SEOUL • The biggest obstacles to finding more matches are the databases themselves.
There is no single consolidated database widely available both to South Korean birth parents and to overseas South Korean adoptees.
Databases used by Americans and South Koreans are incompatible and cannot share information.
The South Korean police collect DNA samples for their national database of missing people. Adoptees and birth parents are eligible to submit DNA for this database, and many do, but not nearly enough.
The testing done by volunteer group 325Kamra goes into the databases of Family Tree DNA, a Houston-based DNA testing firm, and GEDMatch, a service that scans for genetic matches from three popular testing firms - Family Tree, 23andMe and AncestryDNA.
Ms Kyung Eun Davidson, 33, from Everett, Washington used 23andMe, her birth mother took the test with 325Kamra in South Korea, and they were connected by GEDMatch.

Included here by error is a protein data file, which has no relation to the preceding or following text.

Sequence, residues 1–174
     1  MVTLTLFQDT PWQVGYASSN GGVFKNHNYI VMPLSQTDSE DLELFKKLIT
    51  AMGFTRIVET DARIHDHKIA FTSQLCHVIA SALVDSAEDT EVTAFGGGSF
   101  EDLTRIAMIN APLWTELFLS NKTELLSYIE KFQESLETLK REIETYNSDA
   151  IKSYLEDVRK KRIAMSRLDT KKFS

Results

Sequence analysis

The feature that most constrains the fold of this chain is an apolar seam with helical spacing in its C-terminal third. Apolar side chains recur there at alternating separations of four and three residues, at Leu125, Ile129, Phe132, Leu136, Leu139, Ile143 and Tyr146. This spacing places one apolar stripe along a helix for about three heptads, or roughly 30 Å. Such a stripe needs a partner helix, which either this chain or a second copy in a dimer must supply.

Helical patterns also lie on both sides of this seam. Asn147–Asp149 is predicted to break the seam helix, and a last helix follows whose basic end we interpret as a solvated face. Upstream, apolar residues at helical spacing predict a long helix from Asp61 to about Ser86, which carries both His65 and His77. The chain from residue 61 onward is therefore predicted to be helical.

Parents are also a problem. An estimated 1,000 adoptees have submitted their DNA for matching on GEDMatch but only 100 birth parents have taken tests with 325Kamra.
Many are afraid to come forward because of the shame associated with adoption in South Korea, where they risk being shunned by their families and communities.
Also, South Korean laws block adoptees from obtaining their full birth records without the birth parents' consent. And government adoption files are often falsified, incomplete or missing, making birth parents impossible to track down.
From 2012 to last year, less than 15 per cent of adoptees who asked to reunite with their birth parents were able to do so.
NEW YORK TIMES